This week the National Heavy Vehicle Regulator (NHVR) announced the milestone of 10,000 innovative heavy vehicle combinations hitting Australian roads under the Performance Based Standards (PBS) scheme, but has PBS delivered on its promise?
The obvious answer to this question is, yes. It has delivered 10,000 trucks with improved productivity and improved safety. They are on the roads now helping to reduce the death toll and keeping the economy productive.
However, for those of us around at the beginning of the scheme and, even more so for those involved in its development, it promised so much when it first got going. Much of that promise turned to disappointment in those early years.
Many a misstep caused frustration and economic hardship. One of the first PBS operators I interviewed found out the hard way, that the process of getting the truck on the road had not been fully worked through.
He ended up watching his Kenworth with multiple axles come down the line in Bayswater and then have to run well under its design weight for a year, while he contacted each and every local authority he would travel through, to explain what he had and to gain access.
His issue was the first of many, as intransigence and simple lack of knowledge saw road block after block created by the local authorities. This is still the major problem for operators wanting to go down the PBS route, getting the permission of the road owners to run a vehicle which is safer and more productive on the road.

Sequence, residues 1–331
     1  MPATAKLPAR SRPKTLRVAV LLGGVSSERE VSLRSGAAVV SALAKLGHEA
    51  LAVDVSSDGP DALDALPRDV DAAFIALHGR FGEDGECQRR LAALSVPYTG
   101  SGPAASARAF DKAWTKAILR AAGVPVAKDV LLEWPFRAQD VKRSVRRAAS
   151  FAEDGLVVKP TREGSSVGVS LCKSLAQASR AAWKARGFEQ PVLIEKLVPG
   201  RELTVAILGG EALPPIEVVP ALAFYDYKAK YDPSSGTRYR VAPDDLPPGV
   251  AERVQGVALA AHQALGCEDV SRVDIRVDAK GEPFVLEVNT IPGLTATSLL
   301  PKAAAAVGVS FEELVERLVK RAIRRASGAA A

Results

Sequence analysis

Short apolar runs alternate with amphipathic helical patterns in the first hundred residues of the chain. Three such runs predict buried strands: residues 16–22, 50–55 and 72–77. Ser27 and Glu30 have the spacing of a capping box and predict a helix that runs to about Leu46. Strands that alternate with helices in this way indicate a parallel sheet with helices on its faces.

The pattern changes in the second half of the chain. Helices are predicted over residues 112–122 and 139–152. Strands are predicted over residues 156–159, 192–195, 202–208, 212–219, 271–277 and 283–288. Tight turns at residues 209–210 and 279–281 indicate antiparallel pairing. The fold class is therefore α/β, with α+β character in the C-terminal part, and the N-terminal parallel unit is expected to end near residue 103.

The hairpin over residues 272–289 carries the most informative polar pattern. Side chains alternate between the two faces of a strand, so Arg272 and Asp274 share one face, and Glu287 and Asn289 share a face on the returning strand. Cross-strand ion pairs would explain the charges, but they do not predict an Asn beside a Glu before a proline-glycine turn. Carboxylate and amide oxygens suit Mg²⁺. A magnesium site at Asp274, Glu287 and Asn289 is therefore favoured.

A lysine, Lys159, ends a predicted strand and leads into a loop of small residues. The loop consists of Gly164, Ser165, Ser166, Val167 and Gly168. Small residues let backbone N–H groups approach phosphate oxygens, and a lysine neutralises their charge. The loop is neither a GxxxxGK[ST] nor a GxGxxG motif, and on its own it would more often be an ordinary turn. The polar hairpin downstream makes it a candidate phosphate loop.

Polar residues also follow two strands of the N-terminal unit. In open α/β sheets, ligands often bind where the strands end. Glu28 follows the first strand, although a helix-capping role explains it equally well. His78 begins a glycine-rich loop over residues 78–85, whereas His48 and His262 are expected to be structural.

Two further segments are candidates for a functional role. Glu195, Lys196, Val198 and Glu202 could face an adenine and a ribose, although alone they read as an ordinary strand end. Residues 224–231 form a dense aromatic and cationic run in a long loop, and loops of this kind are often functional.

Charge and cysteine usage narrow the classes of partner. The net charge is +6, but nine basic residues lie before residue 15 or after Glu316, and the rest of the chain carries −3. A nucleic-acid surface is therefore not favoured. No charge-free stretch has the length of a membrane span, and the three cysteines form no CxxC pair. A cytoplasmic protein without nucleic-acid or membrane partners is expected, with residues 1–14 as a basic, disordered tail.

What has worked on the PBS scheme is how to design and develop new ideas in truck design to get a truck which is safer, more productive and causes less road wear than some prescriptive models. The group of engineering businesses which have emerged have come up with some very smart solutions and lead the world in truck technology.
The process of getting a basic truck design from the drawing board to fruition is also very smooth for most operators. The knowledge base within the industry can come up with a viable solution to just about any problem.
Where we are still looking fore a viable solution is in the process whereby local authorities give their permission for the truck design to travel on their roads.
There has been some valiant work done by the NHVR, since it took over the running of the PBS scheme, but it is still banging its head against a three tier governmental system which just does not have a suitable mechanism for permitting access.
The NHVR’s work in trying to get roads classified correctly so that a truck can be designed for a pre-determined route with guaranteed access when it is built, has had some success.
Has PBS delivered on its promise? There is still plenty of work to be done to make it what we want. However, it is still the envy of many trucking nations around the world. Countries look to Australia and consult with our expertise to try and improve their country’s road freight productivity, and this is something we should be proud of.
When announcing the 100,000th PBS truck this week, the NHVR did list some of the successes of the scheme:
- One in five relevant new heavy vehicles manufactured in 2019 were PBS approved
- In the last five years, new PBS combination approvals have doubled, while the heavy vehicle market has grown by 20 per cent over the same period
- The median age of PBS vehicles is 4.3 years compared to over 12 years for the entire heavy vehicle fleet
- Around 60 per cent of the new PBS approved combinations are towed by prime movers, a 12 per cent increase from 2018
- PBS vehicles have more than 80 per cent market share in the four-axle and above, dog trailer market